- a confirmation that this definition actually energized behavior (eg, the programmers wanted to see success in that way) and that it was used in a way that allowed small adjustments toward a better outcome
You get such confirmation by measuring an whether an action regarding an entity low in the IO map has an effect on an entity higher up.
Then again, your tastes may run to behavioral analysis techniques. I'd suggest using the IMPACT model, and of course ABC analysis. (See Unlock Behavior, Unleash Profits by Leslie Braksick.)
- a clear set of practices for using this definition throughout the course of the project
That is what the measurement system provides, incitement to move towards the NCs in the IO map.
- a clear way to modify those practices, so that better practices could emerge over time
Since we are using TOC's IO maps, why not also use TOC's Focusing Steps for continuous improvement? I feel another webcast coming on.
- a common understanding about the time-boxes around the practices, and a continual questioning about whether those time-boxes (presumably at different frequencies, depending on the practice) were the most effective in guiding a better delivery of business value in this specific case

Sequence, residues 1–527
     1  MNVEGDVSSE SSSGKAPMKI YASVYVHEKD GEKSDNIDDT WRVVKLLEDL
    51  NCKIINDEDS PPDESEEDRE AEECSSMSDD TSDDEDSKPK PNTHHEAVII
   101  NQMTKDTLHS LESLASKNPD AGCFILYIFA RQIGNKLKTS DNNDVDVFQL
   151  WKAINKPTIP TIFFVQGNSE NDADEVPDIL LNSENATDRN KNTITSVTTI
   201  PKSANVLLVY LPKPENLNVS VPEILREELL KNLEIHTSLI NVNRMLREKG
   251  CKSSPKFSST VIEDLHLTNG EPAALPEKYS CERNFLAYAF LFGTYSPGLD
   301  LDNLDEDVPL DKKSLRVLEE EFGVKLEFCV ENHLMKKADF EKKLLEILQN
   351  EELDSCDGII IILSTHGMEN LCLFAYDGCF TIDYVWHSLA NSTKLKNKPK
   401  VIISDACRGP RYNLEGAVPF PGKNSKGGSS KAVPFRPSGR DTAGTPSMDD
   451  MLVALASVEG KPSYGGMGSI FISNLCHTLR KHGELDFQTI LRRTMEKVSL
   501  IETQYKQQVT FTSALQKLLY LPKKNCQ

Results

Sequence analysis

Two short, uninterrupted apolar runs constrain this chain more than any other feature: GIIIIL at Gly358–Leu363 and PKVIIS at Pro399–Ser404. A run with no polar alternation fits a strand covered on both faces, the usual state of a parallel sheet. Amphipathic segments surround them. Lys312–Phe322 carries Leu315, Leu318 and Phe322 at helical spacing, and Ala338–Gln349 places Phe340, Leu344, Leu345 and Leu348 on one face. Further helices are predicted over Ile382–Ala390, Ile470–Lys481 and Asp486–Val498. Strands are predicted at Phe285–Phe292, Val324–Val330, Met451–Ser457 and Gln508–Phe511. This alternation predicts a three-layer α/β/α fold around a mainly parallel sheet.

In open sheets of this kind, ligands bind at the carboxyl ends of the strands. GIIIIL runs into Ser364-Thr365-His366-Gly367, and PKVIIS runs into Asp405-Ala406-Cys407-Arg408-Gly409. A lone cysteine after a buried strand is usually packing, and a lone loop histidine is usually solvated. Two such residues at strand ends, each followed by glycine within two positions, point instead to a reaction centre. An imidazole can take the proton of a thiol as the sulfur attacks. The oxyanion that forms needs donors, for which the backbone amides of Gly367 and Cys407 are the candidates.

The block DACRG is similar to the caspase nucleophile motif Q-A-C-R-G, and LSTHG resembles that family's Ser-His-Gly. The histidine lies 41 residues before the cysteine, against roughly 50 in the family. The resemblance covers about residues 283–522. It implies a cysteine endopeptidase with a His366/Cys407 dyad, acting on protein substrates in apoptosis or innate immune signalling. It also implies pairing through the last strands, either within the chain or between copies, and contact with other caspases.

Now we are talking! Full TLTP analysis! OODA loop based Strategic Navigation! Many agile teams already use an andon (from Lean). Maybe it's time to throw in a bunch of other Lean techniques, and data analysis tools from Six Sigma.
- a set-out way to develop the people to perform these engineering practices (training and the like)
Ah, hrrm, got me there. Training in all the techniques I have mentioned above is available, but as far as I know, there is no training program that brings it all together.The agile community already has everything it needs to define business value for every agile software development project in the world. The tools are available. The information needed can usually be obtained through a TLTP analysis (or similar).